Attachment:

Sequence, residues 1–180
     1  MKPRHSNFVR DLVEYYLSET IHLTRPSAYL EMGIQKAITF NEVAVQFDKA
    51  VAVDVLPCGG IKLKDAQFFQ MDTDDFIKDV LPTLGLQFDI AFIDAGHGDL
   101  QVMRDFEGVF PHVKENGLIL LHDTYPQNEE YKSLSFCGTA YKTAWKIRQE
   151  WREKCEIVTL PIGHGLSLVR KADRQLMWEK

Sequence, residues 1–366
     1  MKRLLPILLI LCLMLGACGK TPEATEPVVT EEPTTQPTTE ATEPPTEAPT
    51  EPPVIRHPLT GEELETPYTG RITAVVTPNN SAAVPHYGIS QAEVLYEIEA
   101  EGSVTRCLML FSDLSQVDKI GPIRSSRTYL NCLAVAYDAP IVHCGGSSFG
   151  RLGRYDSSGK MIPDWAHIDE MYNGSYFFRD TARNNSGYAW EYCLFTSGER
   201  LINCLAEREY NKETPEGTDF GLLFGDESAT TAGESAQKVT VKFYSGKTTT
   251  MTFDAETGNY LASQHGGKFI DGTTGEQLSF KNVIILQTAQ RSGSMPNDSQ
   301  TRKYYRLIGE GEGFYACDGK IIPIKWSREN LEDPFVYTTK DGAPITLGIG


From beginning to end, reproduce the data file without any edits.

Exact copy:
Sequence, residues 1–180
     1  MKPRHSNFVR DLVEYYLSET IHLTRPSAYL EMGIQKAITF NEVAVQFDKA
    51  VAVDVLPCGG IKLKDAQFFQ MDTDDFIKDV LPTLGLQFDI AFIDAGHGDL
   101  QVMRDFEGVF PHVKENGLIL LHDTYPQNEE YKSLSFCGTA YKTAWKIRQE
   151  WREKCEIVTL PIGHGLSLVR KADRQLMWEK

Sequence, residues 1–366
     1  MKRLLPILLI LCLMLGACGK TPEATEPVVT EEPTTQPTTE ATEPPTEAPT
    51  EPPVIRHPLT GEELETPYTG RITAVVTPNN SAAVPHYGIS QAEVLYEIEA
   101  EGSVTRCLML FSDLSQVDKI GPIRSSRTYL NCLAVAYDAP IVHCGGSSFG
   151  RLGRYDSSGK MIPDWAHIDE MYNGSYFFRD TARNNSGYAW EYCLFTSGER
   201  LINCLAEREY NKETPEGTDF GLLFGDESAT TAGESAQKVT VKFYSGKTTT
   251  MTFDAETGNY LASQHGGKFI DGTTGEQLSF KNVIILQTAQ RSGSMPNDSQ
   301  TRKYYRLIGE GEGFYACDGK IIPIKWSREN LEDPFVYTTK DGAPITLGIG